* * *


The PGA TOUR shifts to Texas for the AT&T Byron Nelson, with World No. 2 and Texas native Jordan Spieth in the field along with Dustin Johnson. 

AT&T Byron Nelson
Dates: May 19-22
Venue: TPC Four Seasons Resort & Club Las Colinas, Irving, Texas

Tournament Airtimes on Golf Channel (Eastern):
Thursday         4-7 p.m. (Live) / 11:30 p.m.-2:30 a.m. (Replay)
Friday              4-7 p.m. (Live) / 11:30 p.m.-2:30 a.m. (Replay)
Saturday          1-2:30 p.m. (Live) / 10 p.m.-2:30 a.m. (Replay)
Sunday            1-2:30 p.m. (Live) / 10 p.m.-2:30 a.m. (Replay)

Tournament Airtimes on CBS (Eastern):
Saturday 3-6 p.m.
Sunday 3-6 p.m.

Bowditch defends: Steven Bowditch finished four shots ahead of Charley Hoffman, Scott Pinckney and Jimmy Walker for his second career PGA TOUR victory.

Headlining the field: Jordan Spieth, Dustin Johnson, Sergio Garcia, Zach Johnson, Louis Oosthuizen, Bryson DeChambeau, Ernie Els, Matt Kuchar and Charl Schwartzel.

* * *


The PGA TOUR Champions stages the first of five majors in 2016 this week with the Regions Tradition in Alabama, the first of three majors over the next four weeks.

Regions Tradition
Dates: May 19-22
Venue: Greystone Golf & Country Club (Founders Course), Birmingham, Ala.

Tournament Airtimes on Golf Channel (Eastern):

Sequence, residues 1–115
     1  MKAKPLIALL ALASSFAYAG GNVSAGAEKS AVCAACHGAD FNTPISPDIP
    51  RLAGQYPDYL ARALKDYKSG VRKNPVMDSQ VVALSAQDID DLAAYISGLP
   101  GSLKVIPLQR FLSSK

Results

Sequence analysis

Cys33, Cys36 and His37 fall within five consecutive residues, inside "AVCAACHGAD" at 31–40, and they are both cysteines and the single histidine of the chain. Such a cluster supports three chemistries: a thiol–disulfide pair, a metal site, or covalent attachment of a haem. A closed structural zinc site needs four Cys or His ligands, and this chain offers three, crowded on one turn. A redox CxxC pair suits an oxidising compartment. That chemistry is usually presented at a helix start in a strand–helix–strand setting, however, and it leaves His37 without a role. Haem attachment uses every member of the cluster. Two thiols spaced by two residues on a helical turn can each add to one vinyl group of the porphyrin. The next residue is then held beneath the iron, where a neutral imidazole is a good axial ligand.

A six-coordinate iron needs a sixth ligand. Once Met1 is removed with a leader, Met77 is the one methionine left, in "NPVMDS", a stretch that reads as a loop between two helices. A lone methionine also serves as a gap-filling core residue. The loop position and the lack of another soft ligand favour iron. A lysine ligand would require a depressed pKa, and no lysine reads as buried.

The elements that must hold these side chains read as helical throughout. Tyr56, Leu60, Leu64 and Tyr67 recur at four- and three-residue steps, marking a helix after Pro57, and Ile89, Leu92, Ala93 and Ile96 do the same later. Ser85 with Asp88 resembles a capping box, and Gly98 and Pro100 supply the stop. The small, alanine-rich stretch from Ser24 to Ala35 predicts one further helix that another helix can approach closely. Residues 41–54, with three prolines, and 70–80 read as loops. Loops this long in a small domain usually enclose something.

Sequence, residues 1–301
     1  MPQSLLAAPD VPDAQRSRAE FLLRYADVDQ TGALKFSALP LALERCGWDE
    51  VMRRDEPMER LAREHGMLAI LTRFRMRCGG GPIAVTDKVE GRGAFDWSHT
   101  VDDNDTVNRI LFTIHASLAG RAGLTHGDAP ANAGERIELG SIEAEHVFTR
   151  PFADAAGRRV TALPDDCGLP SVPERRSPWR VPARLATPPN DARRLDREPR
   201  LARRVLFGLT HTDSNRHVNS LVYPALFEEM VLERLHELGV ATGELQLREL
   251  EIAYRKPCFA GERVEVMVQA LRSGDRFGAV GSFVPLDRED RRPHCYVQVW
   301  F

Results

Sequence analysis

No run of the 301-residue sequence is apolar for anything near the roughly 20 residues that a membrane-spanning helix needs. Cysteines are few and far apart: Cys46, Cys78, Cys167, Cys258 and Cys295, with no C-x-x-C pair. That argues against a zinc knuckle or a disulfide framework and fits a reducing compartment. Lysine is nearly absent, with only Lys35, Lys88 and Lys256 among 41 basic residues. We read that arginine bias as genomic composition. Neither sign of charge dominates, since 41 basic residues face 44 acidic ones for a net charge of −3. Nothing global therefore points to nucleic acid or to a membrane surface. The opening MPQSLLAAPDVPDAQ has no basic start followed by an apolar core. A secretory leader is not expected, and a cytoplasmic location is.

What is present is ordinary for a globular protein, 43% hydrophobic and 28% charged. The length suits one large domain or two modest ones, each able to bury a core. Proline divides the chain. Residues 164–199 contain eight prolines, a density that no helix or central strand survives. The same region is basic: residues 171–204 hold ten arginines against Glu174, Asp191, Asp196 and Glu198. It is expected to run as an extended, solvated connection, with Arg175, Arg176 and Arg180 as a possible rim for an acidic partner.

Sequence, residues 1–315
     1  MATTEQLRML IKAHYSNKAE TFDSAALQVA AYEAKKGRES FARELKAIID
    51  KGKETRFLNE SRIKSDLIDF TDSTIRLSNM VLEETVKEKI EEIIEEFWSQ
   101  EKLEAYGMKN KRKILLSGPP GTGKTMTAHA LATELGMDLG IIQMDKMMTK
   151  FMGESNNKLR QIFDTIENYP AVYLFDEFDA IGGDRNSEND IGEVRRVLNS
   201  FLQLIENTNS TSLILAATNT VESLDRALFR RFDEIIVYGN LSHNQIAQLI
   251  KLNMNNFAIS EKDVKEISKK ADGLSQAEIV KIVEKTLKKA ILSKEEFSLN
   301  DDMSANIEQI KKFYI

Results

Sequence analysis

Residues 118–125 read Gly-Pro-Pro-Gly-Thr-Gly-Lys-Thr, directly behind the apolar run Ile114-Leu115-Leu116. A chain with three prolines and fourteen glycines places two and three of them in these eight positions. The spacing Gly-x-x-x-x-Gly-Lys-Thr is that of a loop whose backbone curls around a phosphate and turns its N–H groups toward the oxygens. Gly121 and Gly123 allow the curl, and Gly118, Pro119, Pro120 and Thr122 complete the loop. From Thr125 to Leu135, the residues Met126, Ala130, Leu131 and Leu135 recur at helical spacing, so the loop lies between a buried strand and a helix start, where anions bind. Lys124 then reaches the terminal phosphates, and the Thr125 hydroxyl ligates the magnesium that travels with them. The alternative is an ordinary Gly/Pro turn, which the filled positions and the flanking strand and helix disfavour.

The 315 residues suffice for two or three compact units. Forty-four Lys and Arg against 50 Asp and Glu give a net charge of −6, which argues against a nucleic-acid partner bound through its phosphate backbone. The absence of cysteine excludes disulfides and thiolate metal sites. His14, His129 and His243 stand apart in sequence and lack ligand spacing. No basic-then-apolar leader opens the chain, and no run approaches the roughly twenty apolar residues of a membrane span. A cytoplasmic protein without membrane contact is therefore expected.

Thursday         1-3:30 p.m. (Live) / 2:30-4:30 a.m. (Friday replay)
Friday              1-3:30 p.m. (Live) / 2:30-5 a.m. (Saturday replay)
Saturday          5-7 p.m. (Live) / 2:30-4:30 a.m. (Sunday replay)
Sunday            5-7 p.m. (Live) / 2:30-4:30 a.m. (Monday replay)

Maggert defends: Jeff Maggert outlasted Kevin Sutherland with a par on the first playoff hole for his second career PGA TOUR Champions win, and first major.

Headlining the field: Bernhard Langer, Colin Montgomerie, John Daly, Kenny Perry, Jesper Parnevik, Mark O’Meara, Jay Haas, Tom Lehman, Jeff Maggert and Lee Janzen.

* * *


The LPGA Tour is in Virginia for the Kingsmill Championship, featuring the return of the top-3 players in the world  -- Lydia Ko (1), Inbee Park (2) and Lexi Thompson (3) -- after extended breaks and will be grouped together for the first two rounds. 

Kingsmill Championship
Dates: May 19-22                                                                       
Venue: Kingsmill Resort (River Course), Williamsburg, Va.

Tournament Airtimes on Golf Channel (Eastern):
Thursday         9-11 p.m. (Tape delay) / 4:30-6:30 p.m. (Streaming on Golf Live Extra)
Friday              9-11 p.m. (Tape delay) / 4:30-6:30 p.m. (Streaming on Golf Live Extra)
Saturday          3-5 p.m. (Live) / 4:30-6 a.m. (Sunday replay)
Sunday            3-5 p.m. (Live)

Lee defends: Minjee Lee finished two shots ahead of So Yeon Ryu for her first LPGA Tour win.

Headlining the field: Lydia Ko, Lexi Thompson, Inbee Park, Stacy Lewis, Gerina Piller, Brooke Henderson, Sei Young Kim, So Yeon Ryu, Suzann Pettersen, Anna Nordqvist and Brittany Lincicome.